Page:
as needed.

  • Teaching and Learning Symposium 2013 Kata Dosa

    24

    C Creating a presentation with Google Documents If your task requires more creative powers, you can use either Google Drawing or Google Presentation.

    For example, you can have your class create a presentation around a particular topic, assigning each

    group to a particular slide. You can either have them work on their respective slides alone first, and as a

    group later (in which case they could duplicate their respective slides by right-clicking on the slide and

    choosing Duplicate slide from the options), or start as a group right away.

    Presentation also has within-document Comment function, as well as many creative functions including

    inserting images, videos, creating shapes, forms, lines, and many others.

  • Teaching and Learning Symposium 2013 Kata Dosa

    25

    IV Appendix Accessing Google Docs with your UW-Madison account 1) Navigate towww.doit.wisc.edu/googleapps . You should see the page below.

    Note: Some links to UW Google Docs redirect you to the Google Login Page. You should never try to Login with your NetID, it will not work. Always log in through this link:www.doit.wisc.edu/googleapps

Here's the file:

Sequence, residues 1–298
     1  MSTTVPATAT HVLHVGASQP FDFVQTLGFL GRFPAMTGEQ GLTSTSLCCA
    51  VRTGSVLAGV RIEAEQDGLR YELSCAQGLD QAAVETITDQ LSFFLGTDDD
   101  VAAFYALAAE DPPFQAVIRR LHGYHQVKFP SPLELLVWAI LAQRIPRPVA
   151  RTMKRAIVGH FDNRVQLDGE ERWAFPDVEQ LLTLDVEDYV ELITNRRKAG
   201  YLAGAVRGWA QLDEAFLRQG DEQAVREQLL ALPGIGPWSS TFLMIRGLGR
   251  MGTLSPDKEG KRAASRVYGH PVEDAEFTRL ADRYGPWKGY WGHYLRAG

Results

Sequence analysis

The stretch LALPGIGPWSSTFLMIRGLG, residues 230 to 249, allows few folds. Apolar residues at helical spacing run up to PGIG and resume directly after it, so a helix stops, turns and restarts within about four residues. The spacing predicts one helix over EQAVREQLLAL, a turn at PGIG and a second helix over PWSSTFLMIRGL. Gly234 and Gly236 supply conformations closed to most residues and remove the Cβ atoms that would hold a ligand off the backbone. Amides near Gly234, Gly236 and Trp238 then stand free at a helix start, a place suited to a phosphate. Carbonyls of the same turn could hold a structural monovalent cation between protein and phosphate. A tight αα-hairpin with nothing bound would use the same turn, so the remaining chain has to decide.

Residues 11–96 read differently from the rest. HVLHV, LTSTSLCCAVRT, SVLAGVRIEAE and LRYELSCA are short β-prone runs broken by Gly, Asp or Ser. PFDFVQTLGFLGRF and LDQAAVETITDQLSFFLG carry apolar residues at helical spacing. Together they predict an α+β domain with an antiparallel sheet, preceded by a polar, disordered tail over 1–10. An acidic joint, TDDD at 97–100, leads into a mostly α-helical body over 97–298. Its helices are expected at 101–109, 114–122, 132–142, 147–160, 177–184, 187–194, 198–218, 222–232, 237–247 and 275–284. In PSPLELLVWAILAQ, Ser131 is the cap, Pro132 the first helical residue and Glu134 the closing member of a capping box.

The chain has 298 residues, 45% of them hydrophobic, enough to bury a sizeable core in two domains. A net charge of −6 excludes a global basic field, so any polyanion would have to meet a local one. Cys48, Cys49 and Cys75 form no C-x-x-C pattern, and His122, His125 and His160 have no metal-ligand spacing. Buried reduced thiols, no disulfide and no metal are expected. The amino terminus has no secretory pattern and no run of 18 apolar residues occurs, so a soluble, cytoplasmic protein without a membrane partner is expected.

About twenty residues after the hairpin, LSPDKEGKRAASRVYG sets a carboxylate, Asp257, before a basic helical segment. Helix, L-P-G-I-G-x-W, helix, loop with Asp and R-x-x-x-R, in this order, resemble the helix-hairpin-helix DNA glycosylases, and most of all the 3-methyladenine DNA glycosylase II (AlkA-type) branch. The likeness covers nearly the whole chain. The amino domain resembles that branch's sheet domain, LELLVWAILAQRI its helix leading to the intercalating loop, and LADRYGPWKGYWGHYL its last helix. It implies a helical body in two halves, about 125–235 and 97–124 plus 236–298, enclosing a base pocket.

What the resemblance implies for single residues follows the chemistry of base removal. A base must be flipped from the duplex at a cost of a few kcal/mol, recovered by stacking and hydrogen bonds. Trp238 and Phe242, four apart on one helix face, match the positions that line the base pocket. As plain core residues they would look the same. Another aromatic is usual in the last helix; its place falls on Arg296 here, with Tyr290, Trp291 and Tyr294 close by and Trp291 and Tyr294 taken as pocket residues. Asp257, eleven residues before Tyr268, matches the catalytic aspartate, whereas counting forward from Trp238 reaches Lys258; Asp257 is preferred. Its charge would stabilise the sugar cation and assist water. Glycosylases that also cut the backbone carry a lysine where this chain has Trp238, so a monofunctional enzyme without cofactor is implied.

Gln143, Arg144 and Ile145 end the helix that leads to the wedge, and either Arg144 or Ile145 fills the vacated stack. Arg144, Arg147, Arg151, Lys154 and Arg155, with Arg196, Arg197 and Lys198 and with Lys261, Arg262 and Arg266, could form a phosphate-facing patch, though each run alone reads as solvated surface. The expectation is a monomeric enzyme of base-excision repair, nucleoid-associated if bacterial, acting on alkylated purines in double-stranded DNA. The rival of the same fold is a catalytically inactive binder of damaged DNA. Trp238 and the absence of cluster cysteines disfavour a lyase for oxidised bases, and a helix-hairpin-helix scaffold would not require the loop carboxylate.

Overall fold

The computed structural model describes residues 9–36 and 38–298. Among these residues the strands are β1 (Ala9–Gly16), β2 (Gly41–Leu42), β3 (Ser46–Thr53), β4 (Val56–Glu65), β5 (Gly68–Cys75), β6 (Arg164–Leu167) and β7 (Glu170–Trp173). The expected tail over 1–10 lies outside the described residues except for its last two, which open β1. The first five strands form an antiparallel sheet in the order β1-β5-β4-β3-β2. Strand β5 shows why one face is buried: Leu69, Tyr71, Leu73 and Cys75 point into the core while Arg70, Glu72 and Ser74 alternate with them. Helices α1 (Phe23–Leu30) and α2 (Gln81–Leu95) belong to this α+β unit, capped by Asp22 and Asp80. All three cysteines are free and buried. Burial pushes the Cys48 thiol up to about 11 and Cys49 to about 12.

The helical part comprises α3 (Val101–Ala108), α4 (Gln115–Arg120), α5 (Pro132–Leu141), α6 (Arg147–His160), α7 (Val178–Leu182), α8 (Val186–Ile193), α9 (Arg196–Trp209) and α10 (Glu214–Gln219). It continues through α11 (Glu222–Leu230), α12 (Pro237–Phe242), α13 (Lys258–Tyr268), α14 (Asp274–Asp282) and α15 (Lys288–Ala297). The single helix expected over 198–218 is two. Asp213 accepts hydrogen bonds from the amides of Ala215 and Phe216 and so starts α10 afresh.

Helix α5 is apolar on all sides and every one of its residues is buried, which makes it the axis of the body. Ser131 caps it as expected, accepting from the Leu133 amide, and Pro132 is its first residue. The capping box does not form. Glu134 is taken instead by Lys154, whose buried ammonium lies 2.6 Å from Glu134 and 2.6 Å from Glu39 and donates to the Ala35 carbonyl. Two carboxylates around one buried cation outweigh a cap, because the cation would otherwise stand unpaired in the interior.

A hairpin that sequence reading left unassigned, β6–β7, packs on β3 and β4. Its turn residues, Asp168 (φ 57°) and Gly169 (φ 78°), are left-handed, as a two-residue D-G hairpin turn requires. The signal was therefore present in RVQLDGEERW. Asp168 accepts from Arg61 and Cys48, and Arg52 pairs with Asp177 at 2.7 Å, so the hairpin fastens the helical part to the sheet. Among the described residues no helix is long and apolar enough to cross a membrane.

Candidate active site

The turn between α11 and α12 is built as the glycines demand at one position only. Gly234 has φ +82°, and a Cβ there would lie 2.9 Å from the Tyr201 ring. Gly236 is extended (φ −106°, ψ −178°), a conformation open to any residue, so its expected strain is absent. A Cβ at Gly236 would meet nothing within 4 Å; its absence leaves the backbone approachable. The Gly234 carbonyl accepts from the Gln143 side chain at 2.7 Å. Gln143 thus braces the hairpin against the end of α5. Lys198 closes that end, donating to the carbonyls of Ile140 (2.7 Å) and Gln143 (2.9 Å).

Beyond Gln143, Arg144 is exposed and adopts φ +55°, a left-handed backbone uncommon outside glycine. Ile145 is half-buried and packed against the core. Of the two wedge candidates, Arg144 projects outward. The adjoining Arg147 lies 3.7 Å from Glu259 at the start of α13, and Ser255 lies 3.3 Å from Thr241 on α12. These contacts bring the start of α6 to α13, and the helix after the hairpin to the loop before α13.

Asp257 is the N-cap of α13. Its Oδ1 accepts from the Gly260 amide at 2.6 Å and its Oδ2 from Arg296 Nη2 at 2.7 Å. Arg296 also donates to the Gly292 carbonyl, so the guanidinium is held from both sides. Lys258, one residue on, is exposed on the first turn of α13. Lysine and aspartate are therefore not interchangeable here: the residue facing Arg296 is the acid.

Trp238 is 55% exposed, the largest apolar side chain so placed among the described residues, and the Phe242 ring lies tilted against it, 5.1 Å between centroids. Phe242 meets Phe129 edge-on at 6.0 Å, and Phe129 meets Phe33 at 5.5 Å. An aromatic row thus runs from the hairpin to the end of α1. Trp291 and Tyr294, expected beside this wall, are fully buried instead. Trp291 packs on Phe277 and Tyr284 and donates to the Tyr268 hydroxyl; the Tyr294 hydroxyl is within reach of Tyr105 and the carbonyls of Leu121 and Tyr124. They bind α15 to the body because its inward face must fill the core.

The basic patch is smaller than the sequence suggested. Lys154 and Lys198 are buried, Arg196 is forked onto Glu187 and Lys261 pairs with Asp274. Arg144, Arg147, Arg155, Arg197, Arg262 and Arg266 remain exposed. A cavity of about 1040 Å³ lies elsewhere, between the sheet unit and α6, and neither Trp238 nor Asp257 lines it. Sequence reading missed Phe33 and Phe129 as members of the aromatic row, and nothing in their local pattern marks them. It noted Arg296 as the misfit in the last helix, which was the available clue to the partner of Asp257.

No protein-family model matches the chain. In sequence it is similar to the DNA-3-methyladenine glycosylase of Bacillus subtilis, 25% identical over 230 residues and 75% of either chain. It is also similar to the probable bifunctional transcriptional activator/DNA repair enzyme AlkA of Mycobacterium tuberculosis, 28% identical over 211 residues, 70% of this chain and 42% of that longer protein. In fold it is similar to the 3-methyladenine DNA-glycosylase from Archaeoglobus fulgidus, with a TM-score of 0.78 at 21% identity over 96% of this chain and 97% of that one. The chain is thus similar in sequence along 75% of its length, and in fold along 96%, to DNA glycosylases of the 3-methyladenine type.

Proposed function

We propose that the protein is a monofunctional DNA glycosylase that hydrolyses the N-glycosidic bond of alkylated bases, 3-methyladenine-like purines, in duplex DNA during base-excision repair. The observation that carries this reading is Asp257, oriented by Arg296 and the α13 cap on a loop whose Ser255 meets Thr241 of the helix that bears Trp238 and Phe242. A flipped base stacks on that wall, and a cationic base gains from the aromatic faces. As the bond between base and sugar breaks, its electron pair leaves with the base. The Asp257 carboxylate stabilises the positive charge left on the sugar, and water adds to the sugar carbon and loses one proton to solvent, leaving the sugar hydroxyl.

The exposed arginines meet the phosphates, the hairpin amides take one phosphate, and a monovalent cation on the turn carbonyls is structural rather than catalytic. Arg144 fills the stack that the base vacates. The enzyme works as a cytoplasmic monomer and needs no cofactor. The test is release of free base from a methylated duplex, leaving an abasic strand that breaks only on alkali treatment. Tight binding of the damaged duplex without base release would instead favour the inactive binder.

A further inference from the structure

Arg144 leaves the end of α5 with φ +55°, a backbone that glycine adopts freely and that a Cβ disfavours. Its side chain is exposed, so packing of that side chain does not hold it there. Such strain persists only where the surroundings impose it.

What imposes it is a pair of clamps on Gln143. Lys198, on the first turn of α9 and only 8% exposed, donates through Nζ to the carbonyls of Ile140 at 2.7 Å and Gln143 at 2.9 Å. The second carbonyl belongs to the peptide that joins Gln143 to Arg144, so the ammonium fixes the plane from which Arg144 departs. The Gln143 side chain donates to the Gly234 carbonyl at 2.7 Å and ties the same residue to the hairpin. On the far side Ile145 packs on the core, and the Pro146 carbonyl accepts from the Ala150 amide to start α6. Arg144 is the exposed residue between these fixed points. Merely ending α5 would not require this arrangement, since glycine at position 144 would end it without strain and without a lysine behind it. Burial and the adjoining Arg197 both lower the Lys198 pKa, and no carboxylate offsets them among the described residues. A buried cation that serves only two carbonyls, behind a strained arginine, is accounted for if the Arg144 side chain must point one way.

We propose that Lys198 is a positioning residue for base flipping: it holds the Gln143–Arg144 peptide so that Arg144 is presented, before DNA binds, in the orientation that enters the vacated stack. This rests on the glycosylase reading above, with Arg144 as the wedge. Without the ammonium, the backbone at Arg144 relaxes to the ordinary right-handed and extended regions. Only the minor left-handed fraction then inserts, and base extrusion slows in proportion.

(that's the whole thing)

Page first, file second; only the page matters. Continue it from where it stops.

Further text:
http://www.doit.wisc.edu/googleappshttp://www.doit.wisc.edu/googleapps

  • Teaching and Learning Symposium 2013 Kata Dosa

    26

    2) If you are not logged in to a Google Account skip to step 5, otherwise you will see this message.

    3) Click Sign in to another account. It will take you to this page:

  • Teaching and Learning Symposium 2013 Kata Dosa

    27

    4) Click on Sign in to UW Madison Google Apps, you may need to refresh the page if you are directed to a blank page.

    5) You will be redirected to the UW Madison Login Page. Login using your NetID and you will be redirected to the UW Madison Google docs.

    6) You know you are logged in correctly when you see your UW-Net ID on the top-right hand corner of the screen and the University of Wisconsin logo is on the top left-hand side of the screen.

Recommended

View more >